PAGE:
Managing growth and taking cost out at the same time is a requirement for digital business, but it’s not easy for IT infrastructure and operations (I&O) leaders to achieve. Automation is the answer.
The benefits are compelling – automation improves accountability, efficiency and predictability, while reducing cost, variability and risk. So why aren’t more organizations further down the automation path?
Until now automation has been deterministic, where discrete manual steps or processes were automated to lower costs and improve quality of service. While this approach has provided incremental benefits, it doesn’t handle massive scale or dramatically reduce costs.
Milind Govekar, research vice president at Gartner, says IT organizations need to move from opportunistic to systematic automation of IT processes.
“IT organizations need to move from opportunistic to systematic automation of IT processes.”
“Most current use of automation in IT involves scripting,” says Govekar. “Scripts are more fragile than agile. What you end up with is disconnected islands of automation, with spaghetti code throughout the organization when what you need is a systematic, enterprise-wide lasagne.”
Scripting also reinforces a “hero culture” in IT. An individual solves a problem by writing configuration scripts or code to automate something, but when the person who wrote the script leaves the company, there is no record of it.
Start by cataloging what you have
Given the continued growth of automation technologies, many organizations don’t know what they already have. First, identify what automation exists within the organization already and rationalize as much as possible.
“The more you standardize the environment before automating it further, the better placed you will be,” says Govekar. “Don’t automate the mess – get rid of the mess first.”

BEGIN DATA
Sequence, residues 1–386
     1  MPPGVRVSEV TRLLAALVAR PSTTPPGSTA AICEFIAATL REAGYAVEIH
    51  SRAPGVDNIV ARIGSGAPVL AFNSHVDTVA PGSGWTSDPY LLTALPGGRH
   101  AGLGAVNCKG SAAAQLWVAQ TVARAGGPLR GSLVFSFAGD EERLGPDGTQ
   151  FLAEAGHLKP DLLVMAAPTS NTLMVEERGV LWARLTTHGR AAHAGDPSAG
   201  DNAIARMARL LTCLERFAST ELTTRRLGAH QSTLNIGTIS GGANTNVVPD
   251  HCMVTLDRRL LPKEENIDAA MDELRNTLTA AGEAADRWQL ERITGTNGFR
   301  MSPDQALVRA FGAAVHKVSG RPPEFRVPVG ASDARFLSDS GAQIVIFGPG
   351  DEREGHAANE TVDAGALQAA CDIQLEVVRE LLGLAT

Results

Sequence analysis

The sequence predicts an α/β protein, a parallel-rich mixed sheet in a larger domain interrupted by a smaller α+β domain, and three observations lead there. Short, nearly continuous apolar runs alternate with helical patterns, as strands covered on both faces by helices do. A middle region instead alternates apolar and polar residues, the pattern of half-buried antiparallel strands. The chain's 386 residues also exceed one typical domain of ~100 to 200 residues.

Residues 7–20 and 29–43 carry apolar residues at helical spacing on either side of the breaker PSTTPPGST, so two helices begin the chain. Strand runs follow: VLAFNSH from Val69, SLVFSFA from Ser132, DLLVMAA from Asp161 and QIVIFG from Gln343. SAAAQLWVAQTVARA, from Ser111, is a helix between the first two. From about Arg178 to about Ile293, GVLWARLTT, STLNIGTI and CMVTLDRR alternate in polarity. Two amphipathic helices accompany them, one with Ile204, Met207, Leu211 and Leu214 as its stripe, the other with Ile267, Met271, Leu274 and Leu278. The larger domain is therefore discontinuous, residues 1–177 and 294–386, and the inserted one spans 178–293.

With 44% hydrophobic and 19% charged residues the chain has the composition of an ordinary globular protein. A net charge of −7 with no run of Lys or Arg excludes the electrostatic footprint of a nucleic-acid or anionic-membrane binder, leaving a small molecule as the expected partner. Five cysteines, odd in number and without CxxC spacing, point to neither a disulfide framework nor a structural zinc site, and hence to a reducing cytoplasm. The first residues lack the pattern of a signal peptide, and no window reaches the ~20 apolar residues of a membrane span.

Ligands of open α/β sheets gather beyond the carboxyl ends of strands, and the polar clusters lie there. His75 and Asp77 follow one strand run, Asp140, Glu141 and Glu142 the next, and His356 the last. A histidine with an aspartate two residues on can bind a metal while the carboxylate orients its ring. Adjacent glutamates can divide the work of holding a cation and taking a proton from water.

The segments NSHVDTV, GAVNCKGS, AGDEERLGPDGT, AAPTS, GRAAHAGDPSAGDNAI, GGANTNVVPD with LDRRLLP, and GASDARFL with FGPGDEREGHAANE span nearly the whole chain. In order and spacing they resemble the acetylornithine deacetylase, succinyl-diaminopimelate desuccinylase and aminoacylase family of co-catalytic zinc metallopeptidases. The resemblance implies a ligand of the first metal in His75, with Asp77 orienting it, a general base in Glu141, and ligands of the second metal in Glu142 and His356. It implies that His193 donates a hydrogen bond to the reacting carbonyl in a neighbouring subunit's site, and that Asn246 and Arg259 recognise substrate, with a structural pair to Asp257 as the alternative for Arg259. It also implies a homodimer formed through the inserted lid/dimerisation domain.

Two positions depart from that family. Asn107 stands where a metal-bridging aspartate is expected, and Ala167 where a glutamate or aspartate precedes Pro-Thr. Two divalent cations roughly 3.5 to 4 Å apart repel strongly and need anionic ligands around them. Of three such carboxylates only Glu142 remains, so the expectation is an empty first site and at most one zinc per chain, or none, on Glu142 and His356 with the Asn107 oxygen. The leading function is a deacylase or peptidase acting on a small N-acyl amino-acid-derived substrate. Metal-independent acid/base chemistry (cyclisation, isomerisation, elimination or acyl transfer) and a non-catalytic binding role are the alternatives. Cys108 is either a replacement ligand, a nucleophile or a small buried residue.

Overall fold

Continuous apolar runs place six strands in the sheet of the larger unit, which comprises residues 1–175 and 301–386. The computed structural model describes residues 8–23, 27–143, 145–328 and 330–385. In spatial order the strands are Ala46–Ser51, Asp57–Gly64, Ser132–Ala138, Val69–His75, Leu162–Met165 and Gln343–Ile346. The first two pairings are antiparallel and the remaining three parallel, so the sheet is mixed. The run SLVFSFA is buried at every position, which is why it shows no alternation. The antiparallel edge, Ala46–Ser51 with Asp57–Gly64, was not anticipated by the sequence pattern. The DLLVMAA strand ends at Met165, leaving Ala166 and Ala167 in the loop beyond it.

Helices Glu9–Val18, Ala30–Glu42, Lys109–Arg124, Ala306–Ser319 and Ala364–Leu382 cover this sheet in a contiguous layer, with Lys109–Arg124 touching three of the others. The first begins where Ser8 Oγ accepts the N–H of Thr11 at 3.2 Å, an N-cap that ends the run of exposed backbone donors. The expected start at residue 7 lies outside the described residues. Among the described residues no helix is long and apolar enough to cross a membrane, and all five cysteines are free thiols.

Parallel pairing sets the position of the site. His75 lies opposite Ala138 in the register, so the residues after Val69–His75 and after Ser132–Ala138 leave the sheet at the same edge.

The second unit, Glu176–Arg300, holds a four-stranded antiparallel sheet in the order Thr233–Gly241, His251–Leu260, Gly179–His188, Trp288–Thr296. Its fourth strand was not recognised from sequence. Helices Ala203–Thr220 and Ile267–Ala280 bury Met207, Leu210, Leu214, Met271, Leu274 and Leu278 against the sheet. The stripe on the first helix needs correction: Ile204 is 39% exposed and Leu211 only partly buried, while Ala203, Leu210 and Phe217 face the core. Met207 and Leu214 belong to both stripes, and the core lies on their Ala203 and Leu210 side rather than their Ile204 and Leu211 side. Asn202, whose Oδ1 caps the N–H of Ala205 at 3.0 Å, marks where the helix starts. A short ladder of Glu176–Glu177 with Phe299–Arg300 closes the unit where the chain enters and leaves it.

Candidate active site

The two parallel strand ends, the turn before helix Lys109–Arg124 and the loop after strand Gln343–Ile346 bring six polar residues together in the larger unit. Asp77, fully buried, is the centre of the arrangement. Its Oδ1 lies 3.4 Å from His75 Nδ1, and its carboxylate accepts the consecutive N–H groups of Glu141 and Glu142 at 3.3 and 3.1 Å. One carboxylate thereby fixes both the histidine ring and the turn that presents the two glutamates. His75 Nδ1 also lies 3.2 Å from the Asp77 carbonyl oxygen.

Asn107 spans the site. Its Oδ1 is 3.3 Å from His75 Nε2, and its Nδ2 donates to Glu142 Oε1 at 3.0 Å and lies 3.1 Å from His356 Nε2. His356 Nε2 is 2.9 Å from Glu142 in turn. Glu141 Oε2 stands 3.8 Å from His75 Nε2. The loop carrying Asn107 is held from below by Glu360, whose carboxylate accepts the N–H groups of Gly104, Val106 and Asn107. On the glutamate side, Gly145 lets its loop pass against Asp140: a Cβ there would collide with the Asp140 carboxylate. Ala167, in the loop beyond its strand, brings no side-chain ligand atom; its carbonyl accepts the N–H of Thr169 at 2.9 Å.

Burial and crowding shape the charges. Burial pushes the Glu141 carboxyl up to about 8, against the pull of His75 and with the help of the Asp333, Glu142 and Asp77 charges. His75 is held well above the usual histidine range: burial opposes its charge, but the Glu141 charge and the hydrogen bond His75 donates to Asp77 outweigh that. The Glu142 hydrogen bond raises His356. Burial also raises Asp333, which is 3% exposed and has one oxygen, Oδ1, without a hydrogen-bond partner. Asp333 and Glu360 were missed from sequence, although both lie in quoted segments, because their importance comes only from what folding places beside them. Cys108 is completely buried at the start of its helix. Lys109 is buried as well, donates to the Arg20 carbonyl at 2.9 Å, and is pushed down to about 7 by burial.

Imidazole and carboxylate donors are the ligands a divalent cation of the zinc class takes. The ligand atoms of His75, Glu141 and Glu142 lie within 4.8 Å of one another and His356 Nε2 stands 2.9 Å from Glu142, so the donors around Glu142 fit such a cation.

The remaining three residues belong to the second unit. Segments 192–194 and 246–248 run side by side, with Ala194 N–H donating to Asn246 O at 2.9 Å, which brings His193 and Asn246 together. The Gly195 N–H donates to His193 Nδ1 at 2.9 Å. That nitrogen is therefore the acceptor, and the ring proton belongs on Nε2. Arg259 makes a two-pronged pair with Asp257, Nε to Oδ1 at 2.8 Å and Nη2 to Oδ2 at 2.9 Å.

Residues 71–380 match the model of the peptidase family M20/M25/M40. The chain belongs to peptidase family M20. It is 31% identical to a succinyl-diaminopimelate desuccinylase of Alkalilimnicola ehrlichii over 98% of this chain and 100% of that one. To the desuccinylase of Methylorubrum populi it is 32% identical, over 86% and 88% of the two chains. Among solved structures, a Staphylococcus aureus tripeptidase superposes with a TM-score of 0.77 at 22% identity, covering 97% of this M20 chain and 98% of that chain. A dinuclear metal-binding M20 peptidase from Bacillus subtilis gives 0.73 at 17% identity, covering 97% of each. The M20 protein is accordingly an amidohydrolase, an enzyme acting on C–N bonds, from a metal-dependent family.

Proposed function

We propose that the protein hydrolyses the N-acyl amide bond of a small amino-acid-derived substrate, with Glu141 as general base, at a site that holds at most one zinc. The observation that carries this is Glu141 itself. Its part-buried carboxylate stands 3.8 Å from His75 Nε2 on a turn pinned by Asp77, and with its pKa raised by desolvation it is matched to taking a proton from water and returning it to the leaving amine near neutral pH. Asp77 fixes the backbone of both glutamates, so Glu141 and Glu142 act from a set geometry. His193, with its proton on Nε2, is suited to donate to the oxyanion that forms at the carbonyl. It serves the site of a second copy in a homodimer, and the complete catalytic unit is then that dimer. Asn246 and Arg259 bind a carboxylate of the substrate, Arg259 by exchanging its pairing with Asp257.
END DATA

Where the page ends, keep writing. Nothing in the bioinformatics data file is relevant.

Next, attack cultural resistance
Automation has implications for skills and job roles. Technical staff may ask, “Am I automating myself out of a job?” The answer is often yes.
“Automation maturity cannot, and will not, happen when the team required to implement automation technologies is resistant or reluctant,” Govekar says. “You need to incent the desired behavior by rewarding automation efforts and efficiency improvements, and instead of reinforcing the ‘hero’ culture, create a culture of process definition.”
Without leadership and coordination, adoption of automation tools will continue to proliferate throughout the IT organization, including tools with overlapping functions. Institute the roles of an automation manager and an automation architect, who will work with a team to coordinate current and future requirements, tool considerations and implementations.
There is no single automation
Automation in its many incarnations will be a pivotal linchpin in the future data center.
Most IT organizations have a plethora of automation technologies deployed. Gartner predicts that by 2017, 75 percent of enterprises will have more than four diverse automation technologies within their IT management portfolios, up from less than 20 percent in 2014.
As businesses start to implement smart technologies and automation of their own, I&O leaders will have to start looking at automation beyond the traditional opportunistic areas. This means investing in “heuristic” capabilities that capture human learning and then automate it.